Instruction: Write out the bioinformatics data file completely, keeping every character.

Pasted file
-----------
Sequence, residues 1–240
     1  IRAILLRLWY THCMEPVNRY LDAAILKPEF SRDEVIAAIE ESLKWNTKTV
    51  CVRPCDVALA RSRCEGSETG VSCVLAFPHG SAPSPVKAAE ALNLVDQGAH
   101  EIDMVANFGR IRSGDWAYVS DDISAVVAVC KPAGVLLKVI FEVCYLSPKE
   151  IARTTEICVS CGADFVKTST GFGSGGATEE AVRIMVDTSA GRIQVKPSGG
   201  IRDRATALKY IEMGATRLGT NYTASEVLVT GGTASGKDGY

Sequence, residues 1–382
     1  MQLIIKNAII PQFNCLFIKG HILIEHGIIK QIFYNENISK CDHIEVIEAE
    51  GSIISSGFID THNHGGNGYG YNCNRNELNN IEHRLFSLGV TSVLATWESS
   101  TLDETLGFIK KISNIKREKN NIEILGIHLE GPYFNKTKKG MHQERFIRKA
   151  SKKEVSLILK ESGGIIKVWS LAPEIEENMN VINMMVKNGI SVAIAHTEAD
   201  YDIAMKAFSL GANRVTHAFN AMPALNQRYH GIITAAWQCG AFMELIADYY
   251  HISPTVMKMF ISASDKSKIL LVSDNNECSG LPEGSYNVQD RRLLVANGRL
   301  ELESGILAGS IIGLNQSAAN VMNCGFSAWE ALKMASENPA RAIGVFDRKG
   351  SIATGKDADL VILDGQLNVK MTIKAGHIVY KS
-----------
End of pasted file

Sequence, residues 1–240
     1  IRAILLRLWY THCMEPVNRY LDAAILKPEF SRDEVIAAIE ESLKWNTKTV
    51  CVRPCDVALA RSRCEGSETG VSCVLAFPHG SAPSPVKAAE ALNLVDQGAH
   101  EIDMVANFGR IRSGDWAYVS DDISAVVAVC KPAGVLLKVI FEVCYLSPKE
   151  IARTTEICVS CGADFVKTST GFGSGGATEE AVRIMVDTSA GRIQVKPSGG
   201  IRDRATALKY IEMGATRLGT NYTASEVLVT GGTASGKDGY

Sequence, residues 1–382
     1  MQLIIKNAII PQFNCLFIKG HILIEHGIIK QIFYNENISK CDHIEVIEAE
    51  GSIISSGFID THNHGGNGYG YNCNRNELNN IEHRLFSLGV TSVLATWESS
   101  TLDETLGFIK KISNIKREKN NIEILGIHLE GPYFNKTKKG MHQERFIRKA
   151  SKKEVSLILK ESGGIIKVWS LAPEIEENMN VINMMVKNGI SVAIAHTEAD
   201  YDIAMKAFSL GANRVTHAFN AMPALNQRYH GIITAAWQCG AFMELIADYY
   251  HISPTVMKMF ISASDKSKIL LVSDNNECSG LPEGSYNVQD RRLLVANGRL
   301  ELESGILAGS IIGLNQSAAN VMNCGFSAWE ALKMASENPA RAIGVFDRKG
   351  SIATGKDADL VILDGQLNVK MTIKAGHIVY KS